Ghana's economy sees first contraction in almost four decades (Ventures Africa)

Ghana’s economy contracted by an annual 3.2 percent in the second quarter of this year compared with a growth rate of 5.7 percent in Q2 2019, as lockdown restrictions that were placed to curb the coronavirus pandemic stalled activity. At a news conference on Wednesday, Ghana’s statistician 

Nigeria working to attract more foreign direct investments to prepare for AfCFTA - Trade Minister (Nairametrics)

Three candidates running for the post of the Director-General of the World Trade Organisation have fallen out of the race after failing to secure enough votes in the first rounds of voting, leaving only 5 candidates left, including Nigeria’s Ngozi Okonjo-Iweala. On healing the rift between the US and China, Okonjo-Iweala admitted that it is going to be challenging and not be easy.

Mauritania finalizes AfCFTA implementation strategy (UNECA)

The Ministry of Trade, Industry and Tourism of the Islamic Republic of Mauritania and the ECA Office in North Africa will hold today in Nouakchott (Mauritania) a workshop to validate the national strategy for the implementation of the African Continental Free Trade Area (AfCFTA) Mauritania was among the first African countries to ratify the agreement for the creation and implementation of the AfCFTA. The Workshop for the validation of Mauritania’s national AfCFTA strategy is part of a series of national efforts being carried out to facilitate its effective and beneficial implementation on the Mauritanian economy.

Ghanaian businesses need support to ‘win’ under AfCFTA—AGI (GhanaWeb)

Business setbacks such as high cost of power, access to capital, among others, remain a concern for Ghanaian industries, and if the government wants to “win” with the African Continental Free Trade Area (AfCFTA), it needs to ensure businesses are supported to become competitive, the Accra Regional Chairman of the Association of Ghana Industries (AGI), Tsonam Cleanse Akpeloo, has sai Speaking in Accra at the launch of the upcoming 4th Trade and Finance conference, dubbed “The AfCFTA edition”, Mr. Akpeloo said: “We are very thankful for the government for having the secretariat here, and to be fair, government has also reduced the cost of power somehow; but we are asking for further reduction to be competitive across the continent. For us to win, we need to operationalise the many policies that we are talking about.”

Regional and continental news

African Union Nutrition Champion calls on leaders to embed nutrition within the COVID-19 response and recovery

His Majesty King Letsie III Head of State of the Kingdom of Lesotho, African Union Nutrition Champion and also a champion of African Leaders for Nutrition (ALN), has issued a position paper titled, “Embedding Nutrition within the COVID-19 Response and Recovery “. The position paper which has been sent to all the African Union Member States calls on all Heads of State and Governments to ensure the incorporation and promotion of nutrition smart interventions within COVID-19 response and recovery action plans. The paper recommends that countries maintain and increase the level of funding allocated to nutrition to safeguard previous efforts to address malnutrition and ensure there are no gaps within their multi-year nutrition programmes in immediate, medium-term and post-pandemic recovery COVID-19 response plans.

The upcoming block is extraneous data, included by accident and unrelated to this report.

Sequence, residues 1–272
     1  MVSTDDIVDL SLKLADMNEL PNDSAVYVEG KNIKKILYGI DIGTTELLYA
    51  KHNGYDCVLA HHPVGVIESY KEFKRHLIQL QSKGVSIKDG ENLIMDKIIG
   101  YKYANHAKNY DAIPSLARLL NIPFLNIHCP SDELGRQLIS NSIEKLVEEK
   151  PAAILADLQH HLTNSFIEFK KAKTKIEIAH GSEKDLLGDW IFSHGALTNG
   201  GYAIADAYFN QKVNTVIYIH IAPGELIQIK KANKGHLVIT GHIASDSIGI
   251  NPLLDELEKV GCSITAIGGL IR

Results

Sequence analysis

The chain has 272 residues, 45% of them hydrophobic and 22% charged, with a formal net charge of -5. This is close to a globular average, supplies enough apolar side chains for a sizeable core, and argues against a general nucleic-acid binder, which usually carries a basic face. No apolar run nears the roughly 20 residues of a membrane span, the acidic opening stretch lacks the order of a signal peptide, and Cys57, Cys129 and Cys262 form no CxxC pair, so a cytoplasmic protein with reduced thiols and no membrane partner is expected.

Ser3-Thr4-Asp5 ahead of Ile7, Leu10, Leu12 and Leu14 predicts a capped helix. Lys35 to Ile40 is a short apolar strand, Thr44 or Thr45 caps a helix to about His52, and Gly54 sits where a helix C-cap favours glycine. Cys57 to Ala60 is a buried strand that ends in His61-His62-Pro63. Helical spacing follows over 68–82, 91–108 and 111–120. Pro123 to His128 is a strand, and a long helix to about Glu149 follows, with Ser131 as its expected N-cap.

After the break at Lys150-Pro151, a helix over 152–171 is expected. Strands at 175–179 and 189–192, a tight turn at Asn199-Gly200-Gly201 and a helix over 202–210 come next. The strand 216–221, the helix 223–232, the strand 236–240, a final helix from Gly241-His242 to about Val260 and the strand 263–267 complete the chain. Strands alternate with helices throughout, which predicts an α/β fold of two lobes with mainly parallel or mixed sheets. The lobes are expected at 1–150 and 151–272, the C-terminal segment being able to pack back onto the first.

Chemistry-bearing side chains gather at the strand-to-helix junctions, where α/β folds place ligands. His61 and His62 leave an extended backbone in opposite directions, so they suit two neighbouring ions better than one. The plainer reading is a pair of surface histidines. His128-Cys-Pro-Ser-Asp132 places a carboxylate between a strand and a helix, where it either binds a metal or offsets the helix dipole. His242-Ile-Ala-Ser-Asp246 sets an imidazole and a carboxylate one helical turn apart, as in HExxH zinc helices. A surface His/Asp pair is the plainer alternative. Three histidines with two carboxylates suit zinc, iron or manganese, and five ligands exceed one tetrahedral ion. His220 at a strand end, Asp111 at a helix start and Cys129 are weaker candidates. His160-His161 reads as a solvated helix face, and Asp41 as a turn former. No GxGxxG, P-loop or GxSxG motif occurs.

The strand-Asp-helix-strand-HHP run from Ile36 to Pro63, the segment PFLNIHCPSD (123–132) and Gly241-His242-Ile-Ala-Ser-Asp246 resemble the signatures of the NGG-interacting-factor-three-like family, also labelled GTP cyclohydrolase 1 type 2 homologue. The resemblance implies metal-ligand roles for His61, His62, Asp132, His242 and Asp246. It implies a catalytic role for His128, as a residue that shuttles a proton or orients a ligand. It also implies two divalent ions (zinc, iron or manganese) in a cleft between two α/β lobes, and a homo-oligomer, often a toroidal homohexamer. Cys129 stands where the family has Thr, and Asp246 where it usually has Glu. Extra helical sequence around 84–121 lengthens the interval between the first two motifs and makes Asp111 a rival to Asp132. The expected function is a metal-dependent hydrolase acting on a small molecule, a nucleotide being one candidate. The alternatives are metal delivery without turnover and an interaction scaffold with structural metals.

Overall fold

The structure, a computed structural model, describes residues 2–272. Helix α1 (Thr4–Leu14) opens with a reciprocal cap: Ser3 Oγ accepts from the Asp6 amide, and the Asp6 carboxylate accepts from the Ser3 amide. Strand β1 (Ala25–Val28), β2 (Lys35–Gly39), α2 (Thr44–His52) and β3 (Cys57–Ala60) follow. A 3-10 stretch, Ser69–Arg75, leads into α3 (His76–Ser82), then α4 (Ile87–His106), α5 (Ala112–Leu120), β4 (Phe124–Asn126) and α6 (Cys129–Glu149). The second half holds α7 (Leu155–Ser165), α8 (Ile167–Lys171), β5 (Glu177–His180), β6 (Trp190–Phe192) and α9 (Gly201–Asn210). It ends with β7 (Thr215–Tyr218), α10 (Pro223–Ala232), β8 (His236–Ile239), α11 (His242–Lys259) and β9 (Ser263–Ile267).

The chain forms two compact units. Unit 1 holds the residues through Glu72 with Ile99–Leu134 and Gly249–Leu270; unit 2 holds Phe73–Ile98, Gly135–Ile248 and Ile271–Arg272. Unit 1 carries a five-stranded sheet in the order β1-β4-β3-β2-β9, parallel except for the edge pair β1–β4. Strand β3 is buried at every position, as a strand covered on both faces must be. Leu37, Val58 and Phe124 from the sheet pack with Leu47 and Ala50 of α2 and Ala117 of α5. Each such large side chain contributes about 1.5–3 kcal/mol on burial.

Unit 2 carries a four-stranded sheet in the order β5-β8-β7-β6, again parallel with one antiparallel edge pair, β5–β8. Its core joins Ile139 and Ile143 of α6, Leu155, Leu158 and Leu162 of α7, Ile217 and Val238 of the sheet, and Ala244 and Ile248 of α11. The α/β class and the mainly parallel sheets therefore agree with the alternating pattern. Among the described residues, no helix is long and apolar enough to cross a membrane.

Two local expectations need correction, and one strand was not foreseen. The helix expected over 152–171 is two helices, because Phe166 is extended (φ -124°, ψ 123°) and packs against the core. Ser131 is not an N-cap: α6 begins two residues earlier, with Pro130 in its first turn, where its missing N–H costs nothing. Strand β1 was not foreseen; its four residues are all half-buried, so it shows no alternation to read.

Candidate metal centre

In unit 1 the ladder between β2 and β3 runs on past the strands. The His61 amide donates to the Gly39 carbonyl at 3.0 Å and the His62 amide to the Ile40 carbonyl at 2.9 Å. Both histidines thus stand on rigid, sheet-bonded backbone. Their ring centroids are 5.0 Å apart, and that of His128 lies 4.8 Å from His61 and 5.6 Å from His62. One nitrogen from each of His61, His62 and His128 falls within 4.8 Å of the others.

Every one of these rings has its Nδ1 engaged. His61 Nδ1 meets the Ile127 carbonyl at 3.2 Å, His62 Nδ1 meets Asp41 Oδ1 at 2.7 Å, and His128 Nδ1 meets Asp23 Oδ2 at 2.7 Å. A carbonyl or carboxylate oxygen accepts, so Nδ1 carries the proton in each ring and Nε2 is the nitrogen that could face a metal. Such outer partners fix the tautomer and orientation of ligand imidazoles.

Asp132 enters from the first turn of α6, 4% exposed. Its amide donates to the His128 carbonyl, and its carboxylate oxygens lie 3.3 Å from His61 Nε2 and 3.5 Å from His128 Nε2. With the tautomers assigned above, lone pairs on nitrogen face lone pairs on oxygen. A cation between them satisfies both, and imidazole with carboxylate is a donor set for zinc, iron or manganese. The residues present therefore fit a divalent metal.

Tanzania, Rwanda and Uganda race ahead to forge a single stock market (The East African)

Three East African countries have joined forces to implement a World Bank-funded financial project that aims to connect regional stock markets electronically. This means they can operate as a single market with a view of reducing the cost and time of trading in shares of companies listed on markets across the borders. Uganda, Rwanda and Tanzania are set to start trading as a single market before the end of this year (2020) after interconnecting their trading systems and hooking to the EAC Capital Markets Infrastructure (CMI) Information Technology platform.

The East Africa Securities Exchange Association (EASEA) said the project that has dragged for more than five years largely due to payment dispute with the software provider and lack of integration between CMI software and the trading systems of the participating states — Uganda, Tanzania and Rwanda — will remove obstacles on stock trading in regional markets, spur activities and boost liquidity in underperforming markets once operational.

Feeding Africa’s urban population hinges on value chain (Anadolu Ajansı)

Africa’s urban population is projected to grow at a rate of 3.5% annually over the 2015 to 2025 period, nearly double the rate in Asia and triple that in Latin America, according to the UN.There is a need therefore to ensure efficient food value chains to guarantee that food produced by rural farmers is delivered to the growing number of urban consumers, experts say.